For a "hip dude with longish hair" who played in a rock 'n' roll band and started out teaching choir in a junior high school in Pocatello 40 years ago, he's become a marching band legend, leading the band to state, regional and national places in contests and events that put American Fork on the musical map.

"I ran into a guy in Florida who had heard of the American Fork band," Miller said. "We're well-known."

The band has marched in the Tournament of Roses parade in Pasadena, California, several times, was invited twice — an unusual honor — to march in the Macy's Thanksgiving Day parade in New York City and played for the inauguration of President George W. Bush.

The band made it to the semifinals in the Grand Nationals in Indiana, a competition to which Miller was honored to have even been invited.

The band has consistently swept the caption awards for best percussion, best visual performance, best musicality and best color guard at field show competitions where it competed and won against other 5A marching bands, year after year.

With more than 200 members on the field every year, the band impressed judges and audiences alike. One audience member in the stadium to cheer another team on, said, "All they have to do is come on the field and they've won it."

At several competitions this season, Miller was lauded and honored for his three decades of direction.

"(The retirement event at) Davis (Cup Invitational) surprised me." Miller said. "That was unexpected as they have traditionally been one of our biggest competitors. They gave me a fishing pole!"

At the Red Rocks state competition, Miller's wife was honored with him for her unwavering support.

At both the state competition and the Bands of America regional competition in St. George this year, the crowds gave Miller standing ovations.

Miller reiterates that the credit for the band's record of success goes to those who march on the field, practicing long hours in the heat and the cold, and those who support them financially, physically and emotionally for parades, field show competitions and with music lessons.

Miller said if there's a secret to coming away with the first-place trophies year after year, it's in convincing the kids they matter.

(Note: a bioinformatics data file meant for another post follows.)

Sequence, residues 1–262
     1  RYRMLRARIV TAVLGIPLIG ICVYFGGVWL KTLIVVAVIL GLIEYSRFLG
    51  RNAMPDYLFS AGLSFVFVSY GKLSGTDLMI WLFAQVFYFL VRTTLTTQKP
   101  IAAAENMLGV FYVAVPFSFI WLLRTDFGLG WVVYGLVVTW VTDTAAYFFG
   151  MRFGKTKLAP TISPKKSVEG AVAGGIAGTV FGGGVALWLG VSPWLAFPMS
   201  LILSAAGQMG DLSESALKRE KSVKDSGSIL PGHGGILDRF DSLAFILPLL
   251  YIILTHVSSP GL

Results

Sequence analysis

"Music, and particularly music in marching band, trains kids and prepares them for life," he said. "They learn to work as a team. They learn incredible leadership skills. They learn to work hard, to be competitors."

They also learn humility, Miller said, as he has taught his band members to be gracious, to help others, to be friendly and courteous as they compete, win or lose.

Miller is already assembling people to help him choose the next director, looking at people all across the nation, at men and women.

He wants to be sure the legacy and the opportunities live on.

Meanwhile, he plans to keep himself involved in music, perhaps joining the band dads who bring on the percussion instruments and props for field shows or assisting in setting up judging panels. He'll fish a little, travel and offer his expertise to those who ask him for advice.

Peterson said the next director is going to have to care about the students, but ultimately should be allowed to create his own program.

"It's someone else's turn now," Peterson said.

"The new director has to be someone who loves the kids, someone who'll come here and serve the kids, the kind who comes and fires up the kids. It's all about the kids," Miller reiterated.

Miller said a successful program attracts parental, administrative and community support which leads to more success.

"People want to be part of something that works," he said, briefly pausing to nod at the tables and shelves full of shiny, new trophies outside his office. "Look at what the kids did just this year!"

Sharon Haddock is a professional writer with more than 35 years' experience, 17 at the Deseret News. Her personal blog is at